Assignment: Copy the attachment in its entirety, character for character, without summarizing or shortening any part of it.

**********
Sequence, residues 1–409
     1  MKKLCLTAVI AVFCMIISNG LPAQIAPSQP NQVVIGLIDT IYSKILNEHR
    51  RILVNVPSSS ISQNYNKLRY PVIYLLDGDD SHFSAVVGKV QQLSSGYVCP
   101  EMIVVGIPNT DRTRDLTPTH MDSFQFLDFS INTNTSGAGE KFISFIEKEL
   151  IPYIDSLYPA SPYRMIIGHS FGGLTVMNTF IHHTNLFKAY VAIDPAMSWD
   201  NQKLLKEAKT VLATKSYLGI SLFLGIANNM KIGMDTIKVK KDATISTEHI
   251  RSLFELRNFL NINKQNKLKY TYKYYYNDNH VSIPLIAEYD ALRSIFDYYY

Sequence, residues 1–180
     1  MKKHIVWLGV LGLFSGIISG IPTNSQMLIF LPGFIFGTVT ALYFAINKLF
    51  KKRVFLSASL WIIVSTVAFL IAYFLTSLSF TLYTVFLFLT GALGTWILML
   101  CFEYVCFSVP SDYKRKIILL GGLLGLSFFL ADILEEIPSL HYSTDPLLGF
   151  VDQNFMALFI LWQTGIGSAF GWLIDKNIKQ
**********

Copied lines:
Sequence, residues 1–409
     1  MKKLCLTAVI AVFCMIISNG LPAQIAPSQP NQVVIGLIDT IYSKILNEHR
    51  RILVNVPSSS ISQNYNKLRY PVIYLLDGDD SHFSAVVGKV QQLSSGYVCP
   101  EMIVVGIPNT DRTRDLTPTH MDSFQFLDFS INTNTSGAGE KFISFIEKEL
   151  IPYIDSLYPA SPYRMIIGHS FGGLTVMNTF IHHTNLFKAY VAIDPAMSWD
   201  NQKLLKEAKT VLATKSYLGI SLFLGIANNM KIGMDTIKVK KDATISTEHI
   251  RSLFELRNFL NINKQNKLKY TYKYYYNDNH VSIPLIAEYD ALRSIFDYYY

Sequence, residues 1–180
     1  MKKHIVWLGV LGLFSGIISG IPTNSQMLIF LPGFIFGTVT ALYFAINKLF
    51  KKRVFLSASL WIIVSTVAFL IAYFLTSLSF TLYTVFLFLT GALGTWILML
   101  CFEYVCFSVP SDYKRKIILL GGLLGLSFFL ADILEEIPSL HYSTDPLLGF
   151  VDQNFMALFI LWQTGIGSAF GWLIDKNIKQ